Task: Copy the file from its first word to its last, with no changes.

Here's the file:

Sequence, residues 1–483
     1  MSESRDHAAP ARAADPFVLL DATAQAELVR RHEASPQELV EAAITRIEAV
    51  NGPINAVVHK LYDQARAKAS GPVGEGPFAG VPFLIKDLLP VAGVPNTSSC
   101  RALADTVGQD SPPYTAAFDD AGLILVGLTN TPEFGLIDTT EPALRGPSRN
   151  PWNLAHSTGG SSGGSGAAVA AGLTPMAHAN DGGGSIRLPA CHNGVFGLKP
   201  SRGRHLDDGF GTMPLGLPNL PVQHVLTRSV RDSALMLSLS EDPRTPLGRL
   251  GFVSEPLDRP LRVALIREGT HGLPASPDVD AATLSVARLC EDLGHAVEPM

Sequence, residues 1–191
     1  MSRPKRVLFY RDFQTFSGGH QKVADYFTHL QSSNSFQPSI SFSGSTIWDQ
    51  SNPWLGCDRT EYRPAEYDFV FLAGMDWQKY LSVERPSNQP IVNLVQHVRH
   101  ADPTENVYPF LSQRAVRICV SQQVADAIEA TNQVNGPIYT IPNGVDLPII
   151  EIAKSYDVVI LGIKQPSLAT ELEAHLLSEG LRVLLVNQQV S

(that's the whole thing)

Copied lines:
Sequence, residues 1–483
     1  MSESRDHAAP ARAADPFVLL DATAQAELVR RHEASPQELV EAAITRIEAV
    51  NGPINAVVHK LYDQARAKAS GPVGEGPFAG VPFLIKDLLP VAGVPNTSSC
   101  RALADTVGQD SPPYTAAFDD AGLILVGLTN TPEFGLIDTT EPALRGPSRN
   151  PWNLAHSTGG SSGGSGAAVA AGLTPMAHAN DGGGSIRLPA CHNGVFGLKP
   201  SRGRHLDDGF GTMPLGLPNL PVQHVLTRSV RDSALMLSLS EDPRTPLGRL
   251  GFVSEPLDRP LRVALIREGT HGLPASPDVD AATLSVARLC EDLGHAVEPM

Sequence, residues 1–191
     1  MSRPKRVLFY RDFQTFSGGH QKVADYFTHL QSSNSFQPSI SFSGSTIWDQ
    51  SNPWLGCDRT EYRPAEYDFV FLAGMDWQKY LSVERPSNQP IVNLVQHVRH
   101  ADPTENVYPF LSQRAVRICV SQQVADAIEA TNQVNGPIYT IPNGVDLPII
   151  EIAKSYDVVI LGIKQPSLAT ELEAHLLSEG LRVLLVNQQV S